British pound rebounds as UK PM seeks unity after Brexit resignations
Fears fade that resignations would lead to immediate challenge to Mrs May’s leadership
British Prime Minister Theresa May tPhotograph: Rick Findler/EPA
The British pound rebounded on Tuesday as fears faded that the departure of two ministers would prompt an immediate challenge to Prime Minister Theresa May’s leadership, while the yen fell against the dollar as investors bid up riskier assets.
Sterling turned positive on the day and rose to $1.3272 , having fallen to as low as $1.3189 on Monday, after Mrs May’s foreign minister and Brexit negotiator quit in protest at her plans to keep close trade ties with the European Union.
Conservative lawmakers said Mrs May is likely safe from a leadership challenge despite the resignations and that helped the beleaguered currency regain some ground.
Still, the departures undermined Mrs May’s own proclamation of cabinet unity last Friday.
“The market is worried that yesterday’s resignations could be a sign of major instability within the British government. However, we see little indication of that and assume May will survive and restart negotiations with Brussels. sterling should correct its losses,” said Commerzbank FX analyst Esther Maria Reichelt.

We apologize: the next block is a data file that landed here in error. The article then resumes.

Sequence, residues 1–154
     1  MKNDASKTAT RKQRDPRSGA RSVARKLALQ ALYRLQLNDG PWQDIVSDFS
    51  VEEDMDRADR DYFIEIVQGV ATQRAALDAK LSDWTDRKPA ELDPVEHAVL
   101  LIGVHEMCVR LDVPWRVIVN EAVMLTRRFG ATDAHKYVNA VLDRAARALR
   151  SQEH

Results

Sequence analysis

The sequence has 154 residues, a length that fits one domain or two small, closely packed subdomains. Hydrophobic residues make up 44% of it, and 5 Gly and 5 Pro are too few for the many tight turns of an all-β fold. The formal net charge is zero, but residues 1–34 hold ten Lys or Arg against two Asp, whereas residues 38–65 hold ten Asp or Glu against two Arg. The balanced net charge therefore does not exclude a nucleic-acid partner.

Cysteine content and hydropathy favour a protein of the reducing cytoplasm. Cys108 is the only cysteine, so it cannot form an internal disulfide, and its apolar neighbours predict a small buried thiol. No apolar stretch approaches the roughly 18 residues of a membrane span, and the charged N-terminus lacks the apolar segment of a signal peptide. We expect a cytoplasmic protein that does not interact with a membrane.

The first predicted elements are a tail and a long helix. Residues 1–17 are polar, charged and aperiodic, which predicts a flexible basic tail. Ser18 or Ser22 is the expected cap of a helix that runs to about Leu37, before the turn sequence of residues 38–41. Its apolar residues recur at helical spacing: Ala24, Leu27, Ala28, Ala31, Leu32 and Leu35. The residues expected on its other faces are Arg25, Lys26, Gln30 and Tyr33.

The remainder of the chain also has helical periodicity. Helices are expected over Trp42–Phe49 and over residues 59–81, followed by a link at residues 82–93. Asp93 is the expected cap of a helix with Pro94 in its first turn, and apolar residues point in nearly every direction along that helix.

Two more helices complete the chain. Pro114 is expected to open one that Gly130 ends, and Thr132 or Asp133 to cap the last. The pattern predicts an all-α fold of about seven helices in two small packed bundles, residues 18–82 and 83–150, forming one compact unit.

Markets still expect the Bank of England to hike rates at its next policy meeting on August 2nd, but analysts warn a full-blown political crisis could dent those expectations.
The pound strengthened against the euro to 88.60 pence, and at 0730 GMT was up 0.1 per cent, after hitting a four-month low of 89.025 pence per euro on Monday.
Elsewhere currency markets were broadly risk positive as investors focused on decent economic data and appeared to shrug off concerns about U.S.-China trade tensions.
Numbers showing a healthy rise in German exports have also buoyed the mood.
The dollar rose 0.2 per cent against the Japanese yen, a currency usually bought during times of political uncertainty, to 111.08 yen, above the 111-yen handle for the first time since Tuesday last week and approaching a six-month high.
The dollar’s index against a basket of six major currencies rose to 94.230 after falling on Monday to 93.711 , its lowest since mid-June.
The dollar was not helped by Friday’s data showing US wage growth remained tame despite a tight labour market.
The yuan rose 0.1 per cent in offshore markets to 6.6262 against the dollar, further away from the lows hit in June - its biggest ever monthly fall.
“It seems the market has digested the potential negative outcome stemming from the US-China trade war, although I am not sure the market has really priced in the worst scenario,” said Mizuho Securities’ Yamamoto.
The Chinese currency gained last week on the back of a stronger midpoint fixing and after data showed China’s foreign exchange reserves rising in June.
Turkey’s lira on Tuesday made up some of the previous day’s losses, trading one percent higher at $4.6890.
The currency had hit as low as $4.7506 after President Tayyip Erdogan on Monday named his son-in-law as Treasury and Finance minister in the new cabinet. – Reuters